War on Terrorism

Tuesday, December 08, 2009

Guard can expect Afghan role, continued Iraq missions, general says

By Army Staff Sgt. Jim Greenhill
National Guard Bureau

(12/8/09) - The National Guard is poised to make unique contributions in Afghanistan and continue operations in Iraq, the National Guard deputy commander of U.S. Army Forces Command said here Dec. 7. “The Army will include the National Guard and the Reserve in future mobilization requirements,” Army Maj. Gen. Ron Chastain said during a working visit to the Army National Guard Readiness Center. “We will not go back to the strategic reserve that we had before 9/11.”

While Chastain could not discuss specifics, he said some National Guard units are likely to be re-tasked or change missions following the president’s announcement last week about an Afghan troop surge.

“If we have a unit that just got to Iraq and they’re no longer needed, it’s not right to those Soldiers to just send them home and de-mob them,” he said. “If there’s a need at that time for them to go to Afghanistan, [then] that is one of the options.”

The National Guard offers some unique capabilities that make it likely to be included in the surge. Examples include the Agribusiness Development Teams and the use, in particular, of National Guard military police in Embedded Training Teams, because in both cases Soldiers bring civilian-acquired skills unique to the Guard.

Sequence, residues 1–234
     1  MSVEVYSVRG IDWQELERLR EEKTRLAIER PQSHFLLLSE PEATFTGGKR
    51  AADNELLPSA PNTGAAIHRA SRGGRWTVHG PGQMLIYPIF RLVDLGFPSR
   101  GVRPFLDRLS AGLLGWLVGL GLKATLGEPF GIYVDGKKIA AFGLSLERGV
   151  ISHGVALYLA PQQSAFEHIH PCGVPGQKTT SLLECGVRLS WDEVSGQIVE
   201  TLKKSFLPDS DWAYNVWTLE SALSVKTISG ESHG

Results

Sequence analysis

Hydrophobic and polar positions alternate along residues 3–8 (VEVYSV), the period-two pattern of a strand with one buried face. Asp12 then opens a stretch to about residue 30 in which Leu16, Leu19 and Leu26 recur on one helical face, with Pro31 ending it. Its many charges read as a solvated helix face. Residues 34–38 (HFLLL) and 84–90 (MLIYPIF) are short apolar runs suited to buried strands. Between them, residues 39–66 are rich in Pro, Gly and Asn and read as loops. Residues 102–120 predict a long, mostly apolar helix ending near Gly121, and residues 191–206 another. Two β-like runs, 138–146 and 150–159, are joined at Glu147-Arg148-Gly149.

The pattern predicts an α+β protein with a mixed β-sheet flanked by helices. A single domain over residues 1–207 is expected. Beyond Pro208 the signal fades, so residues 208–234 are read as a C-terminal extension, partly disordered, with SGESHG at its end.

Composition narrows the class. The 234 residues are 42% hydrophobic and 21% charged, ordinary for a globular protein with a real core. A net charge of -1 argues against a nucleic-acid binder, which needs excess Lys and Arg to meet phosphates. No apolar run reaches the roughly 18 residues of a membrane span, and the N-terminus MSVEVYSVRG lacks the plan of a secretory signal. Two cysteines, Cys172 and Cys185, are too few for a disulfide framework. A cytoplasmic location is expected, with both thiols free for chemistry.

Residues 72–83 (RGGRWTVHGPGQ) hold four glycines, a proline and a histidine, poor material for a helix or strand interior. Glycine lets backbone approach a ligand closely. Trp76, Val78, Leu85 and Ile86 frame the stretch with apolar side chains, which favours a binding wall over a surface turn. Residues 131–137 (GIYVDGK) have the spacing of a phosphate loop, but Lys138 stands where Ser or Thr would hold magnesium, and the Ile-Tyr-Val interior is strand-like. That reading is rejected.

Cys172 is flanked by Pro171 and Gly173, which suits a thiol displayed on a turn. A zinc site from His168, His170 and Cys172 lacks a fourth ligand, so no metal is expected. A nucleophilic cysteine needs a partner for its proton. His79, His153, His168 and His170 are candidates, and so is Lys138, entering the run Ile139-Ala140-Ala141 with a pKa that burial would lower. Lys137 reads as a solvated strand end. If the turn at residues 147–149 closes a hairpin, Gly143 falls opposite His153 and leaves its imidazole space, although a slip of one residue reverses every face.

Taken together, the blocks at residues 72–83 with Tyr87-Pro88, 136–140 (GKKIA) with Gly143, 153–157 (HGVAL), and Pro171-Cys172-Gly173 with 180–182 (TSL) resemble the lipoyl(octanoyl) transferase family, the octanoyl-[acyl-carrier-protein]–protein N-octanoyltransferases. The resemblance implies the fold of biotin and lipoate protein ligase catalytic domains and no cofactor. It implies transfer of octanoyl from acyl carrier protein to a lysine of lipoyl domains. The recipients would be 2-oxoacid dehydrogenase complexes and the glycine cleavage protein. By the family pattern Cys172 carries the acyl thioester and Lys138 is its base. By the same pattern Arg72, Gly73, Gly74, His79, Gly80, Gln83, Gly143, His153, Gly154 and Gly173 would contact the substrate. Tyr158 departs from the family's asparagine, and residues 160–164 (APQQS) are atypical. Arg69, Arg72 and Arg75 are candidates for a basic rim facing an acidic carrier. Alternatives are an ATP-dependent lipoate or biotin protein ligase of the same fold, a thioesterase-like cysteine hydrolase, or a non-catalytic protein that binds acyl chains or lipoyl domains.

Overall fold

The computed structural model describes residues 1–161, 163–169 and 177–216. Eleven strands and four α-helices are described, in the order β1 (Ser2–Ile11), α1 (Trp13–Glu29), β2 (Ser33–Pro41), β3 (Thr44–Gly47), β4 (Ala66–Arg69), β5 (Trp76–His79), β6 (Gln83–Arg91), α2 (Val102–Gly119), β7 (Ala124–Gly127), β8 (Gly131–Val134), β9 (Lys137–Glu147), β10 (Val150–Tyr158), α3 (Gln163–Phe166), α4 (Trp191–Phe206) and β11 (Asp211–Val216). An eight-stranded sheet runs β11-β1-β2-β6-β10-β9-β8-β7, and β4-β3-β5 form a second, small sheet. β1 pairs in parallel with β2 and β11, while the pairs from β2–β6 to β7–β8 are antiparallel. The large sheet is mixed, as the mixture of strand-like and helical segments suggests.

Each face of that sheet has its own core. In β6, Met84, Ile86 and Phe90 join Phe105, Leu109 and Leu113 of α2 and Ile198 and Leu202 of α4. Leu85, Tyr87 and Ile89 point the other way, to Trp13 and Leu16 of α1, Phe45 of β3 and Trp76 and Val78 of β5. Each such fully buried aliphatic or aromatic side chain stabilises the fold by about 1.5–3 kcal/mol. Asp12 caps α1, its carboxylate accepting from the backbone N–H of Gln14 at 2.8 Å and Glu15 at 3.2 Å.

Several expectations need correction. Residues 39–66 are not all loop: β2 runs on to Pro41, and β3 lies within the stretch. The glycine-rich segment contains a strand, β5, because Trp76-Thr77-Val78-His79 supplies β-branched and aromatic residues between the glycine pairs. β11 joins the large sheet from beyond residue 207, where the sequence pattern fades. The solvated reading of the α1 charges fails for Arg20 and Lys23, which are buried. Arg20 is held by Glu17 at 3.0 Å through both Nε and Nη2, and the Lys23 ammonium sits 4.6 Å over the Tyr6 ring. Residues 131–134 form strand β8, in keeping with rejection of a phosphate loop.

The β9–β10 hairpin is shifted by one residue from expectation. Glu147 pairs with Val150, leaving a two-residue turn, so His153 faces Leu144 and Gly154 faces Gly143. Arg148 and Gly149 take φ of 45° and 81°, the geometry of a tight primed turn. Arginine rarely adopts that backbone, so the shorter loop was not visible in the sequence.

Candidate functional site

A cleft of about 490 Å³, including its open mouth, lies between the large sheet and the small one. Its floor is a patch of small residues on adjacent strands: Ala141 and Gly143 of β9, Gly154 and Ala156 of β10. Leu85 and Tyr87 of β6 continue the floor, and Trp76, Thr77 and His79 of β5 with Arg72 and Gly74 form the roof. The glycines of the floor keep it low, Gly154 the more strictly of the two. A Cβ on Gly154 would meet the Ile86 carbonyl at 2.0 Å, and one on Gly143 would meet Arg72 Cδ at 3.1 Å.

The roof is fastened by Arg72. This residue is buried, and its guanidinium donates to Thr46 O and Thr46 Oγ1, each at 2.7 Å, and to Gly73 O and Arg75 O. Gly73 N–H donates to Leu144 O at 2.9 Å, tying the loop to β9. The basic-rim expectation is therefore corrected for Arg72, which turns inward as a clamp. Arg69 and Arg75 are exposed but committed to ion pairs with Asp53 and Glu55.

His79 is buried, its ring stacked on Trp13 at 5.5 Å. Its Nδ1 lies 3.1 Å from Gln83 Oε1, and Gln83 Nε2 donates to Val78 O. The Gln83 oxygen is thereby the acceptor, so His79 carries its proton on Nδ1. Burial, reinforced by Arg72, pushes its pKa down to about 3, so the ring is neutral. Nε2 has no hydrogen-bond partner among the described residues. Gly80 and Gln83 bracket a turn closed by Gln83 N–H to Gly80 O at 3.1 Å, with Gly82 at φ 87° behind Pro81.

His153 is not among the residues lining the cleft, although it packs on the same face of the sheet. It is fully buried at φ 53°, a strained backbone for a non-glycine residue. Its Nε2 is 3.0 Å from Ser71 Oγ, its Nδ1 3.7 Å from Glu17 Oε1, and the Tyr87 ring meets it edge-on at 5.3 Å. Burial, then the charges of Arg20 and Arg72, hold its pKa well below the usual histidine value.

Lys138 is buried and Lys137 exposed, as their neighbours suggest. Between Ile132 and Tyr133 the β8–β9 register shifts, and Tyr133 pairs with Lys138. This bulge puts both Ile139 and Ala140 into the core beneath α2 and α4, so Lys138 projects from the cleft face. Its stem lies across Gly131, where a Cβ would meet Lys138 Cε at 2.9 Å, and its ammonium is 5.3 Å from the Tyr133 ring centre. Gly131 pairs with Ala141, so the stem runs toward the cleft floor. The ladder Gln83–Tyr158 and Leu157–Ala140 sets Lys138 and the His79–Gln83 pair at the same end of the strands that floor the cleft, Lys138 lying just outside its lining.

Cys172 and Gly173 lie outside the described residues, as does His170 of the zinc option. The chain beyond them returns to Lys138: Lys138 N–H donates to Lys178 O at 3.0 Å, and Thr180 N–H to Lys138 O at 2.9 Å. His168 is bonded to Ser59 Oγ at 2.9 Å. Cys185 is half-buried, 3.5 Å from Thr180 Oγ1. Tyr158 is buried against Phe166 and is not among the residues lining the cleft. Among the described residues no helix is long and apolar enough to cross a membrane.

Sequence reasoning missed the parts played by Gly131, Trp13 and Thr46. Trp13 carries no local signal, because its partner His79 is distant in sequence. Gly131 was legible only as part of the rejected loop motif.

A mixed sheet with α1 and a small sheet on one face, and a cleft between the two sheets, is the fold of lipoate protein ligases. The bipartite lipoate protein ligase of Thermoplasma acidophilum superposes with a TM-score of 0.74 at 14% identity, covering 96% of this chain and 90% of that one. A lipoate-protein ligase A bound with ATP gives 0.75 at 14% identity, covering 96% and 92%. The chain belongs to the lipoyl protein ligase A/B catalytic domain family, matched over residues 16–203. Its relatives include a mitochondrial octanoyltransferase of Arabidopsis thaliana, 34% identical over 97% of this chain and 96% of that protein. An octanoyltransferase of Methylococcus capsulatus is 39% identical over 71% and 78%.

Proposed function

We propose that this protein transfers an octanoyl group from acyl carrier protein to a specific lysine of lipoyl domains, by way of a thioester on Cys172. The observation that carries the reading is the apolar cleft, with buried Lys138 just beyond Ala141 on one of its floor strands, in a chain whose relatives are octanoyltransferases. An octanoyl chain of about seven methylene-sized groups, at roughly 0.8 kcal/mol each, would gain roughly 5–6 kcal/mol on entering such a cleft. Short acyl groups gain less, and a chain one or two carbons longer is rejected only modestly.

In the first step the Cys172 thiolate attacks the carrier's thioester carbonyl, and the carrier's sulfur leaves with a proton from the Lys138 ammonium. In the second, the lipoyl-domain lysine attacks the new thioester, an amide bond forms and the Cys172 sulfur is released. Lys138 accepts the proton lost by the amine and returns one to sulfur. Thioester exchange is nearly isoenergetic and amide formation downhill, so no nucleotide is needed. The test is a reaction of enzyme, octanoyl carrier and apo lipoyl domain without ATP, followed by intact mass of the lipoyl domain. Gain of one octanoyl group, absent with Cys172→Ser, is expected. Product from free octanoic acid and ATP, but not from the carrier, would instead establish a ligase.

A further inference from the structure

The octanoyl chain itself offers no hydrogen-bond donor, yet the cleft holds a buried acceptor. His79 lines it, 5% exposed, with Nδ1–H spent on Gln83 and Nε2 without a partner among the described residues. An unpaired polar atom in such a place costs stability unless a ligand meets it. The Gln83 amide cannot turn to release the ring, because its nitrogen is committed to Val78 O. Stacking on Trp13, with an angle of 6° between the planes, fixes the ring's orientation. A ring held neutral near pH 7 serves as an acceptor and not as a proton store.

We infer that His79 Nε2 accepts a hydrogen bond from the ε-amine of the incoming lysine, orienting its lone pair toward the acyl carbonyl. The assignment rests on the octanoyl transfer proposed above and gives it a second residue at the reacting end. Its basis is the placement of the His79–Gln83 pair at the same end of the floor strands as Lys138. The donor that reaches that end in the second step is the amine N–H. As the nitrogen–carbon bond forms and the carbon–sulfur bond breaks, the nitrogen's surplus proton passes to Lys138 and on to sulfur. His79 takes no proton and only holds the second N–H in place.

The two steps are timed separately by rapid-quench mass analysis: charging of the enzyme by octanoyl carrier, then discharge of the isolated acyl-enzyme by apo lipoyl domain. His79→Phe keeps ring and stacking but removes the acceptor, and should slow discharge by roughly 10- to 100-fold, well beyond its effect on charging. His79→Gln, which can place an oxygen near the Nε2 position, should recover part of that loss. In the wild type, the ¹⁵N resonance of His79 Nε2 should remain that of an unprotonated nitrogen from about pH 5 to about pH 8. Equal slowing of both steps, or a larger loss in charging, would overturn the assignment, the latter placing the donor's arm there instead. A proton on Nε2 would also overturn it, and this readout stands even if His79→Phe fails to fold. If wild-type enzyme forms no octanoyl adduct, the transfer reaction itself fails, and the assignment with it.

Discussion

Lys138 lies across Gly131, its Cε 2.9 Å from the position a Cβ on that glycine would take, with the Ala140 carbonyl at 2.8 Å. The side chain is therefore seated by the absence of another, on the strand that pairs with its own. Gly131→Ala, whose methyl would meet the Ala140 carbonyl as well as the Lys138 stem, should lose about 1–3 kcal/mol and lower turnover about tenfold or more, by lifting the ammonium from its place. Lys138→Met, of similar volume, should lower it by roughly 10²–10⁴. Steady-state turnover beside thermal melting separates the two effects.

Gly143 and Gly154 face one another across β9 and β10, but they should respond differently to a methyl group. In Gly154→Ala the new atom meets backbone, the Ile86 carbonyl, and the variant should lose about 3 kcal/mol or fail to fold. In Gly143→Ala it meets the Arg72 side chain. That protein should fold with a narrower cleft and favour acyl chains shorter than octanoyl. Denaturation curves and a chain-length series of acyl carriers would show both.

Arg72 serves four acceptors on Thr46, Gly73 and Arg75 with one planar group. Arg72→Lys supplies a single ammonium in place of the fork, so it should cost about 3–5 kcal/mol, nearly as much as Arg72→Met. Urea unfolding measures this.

“The Army National Guard is ideally suited to move in to an area that has been cleared and start the process after it’s cleared before the civilian agencies come in,” he said. “The civilian skills that our Guardsmen have are well-suited to dealing with Afghan civilians.”

Chastain also predicted a continued role for the National Guard in Iraq. “The nation-building will continue in Iraq far beyond the combat operations,” he said. “Nation-building is not a military task. The National Guard is well-suited for that transition from combat operations to nation-building.”

Chastain, who deployed as a unit commander for Desert Storm and then again for Operation Iraqi Freedom, said he has experienced the “extremes of mobilization.”

His 80-person rear area operations center for Desert Storm spent a whopping five days at the mobilization station for personnel processing, repainting vehicles to a desert hue and loading them on a train, and training that focused on weapons familiarization and qualification and nuclear, biological and chemical weapons tasks.

The 39th Brigade Combat Team from the Arkansas National Guard, which he led in 2003, spent three months mobilizing at Fort Hood, Texas, before going to the Joint Readiness Training Center at Fort Polk, La., for a mobilization exercise.

Frustrations included the length of time it took to accomplish weapons qualification and Soldiers having to repeat training events because mobilization station documentation was improper, he said.

“I’m real thankful that the mobilization process has improved a lot since that,” Chastain said. “I’m very pleased with most all the things that go on at the mobilization stations right now.”

Keys to successful mobilization include early notification of units and early alert, he said.

Chastain, who is a former adjutant general of the Arkansas National Guard, said the relationship between the National Guard, Reserve and active components is at a high point.

“It’s the best right now that I’ve seen throughout my career,” he said. “We’ve had brigade combat teams doing full-spectrum operations right alongside their active counterparts. We’ve got people in the upper echelon of our Army now that have witnessed that firsthand, and they have spread the word.”

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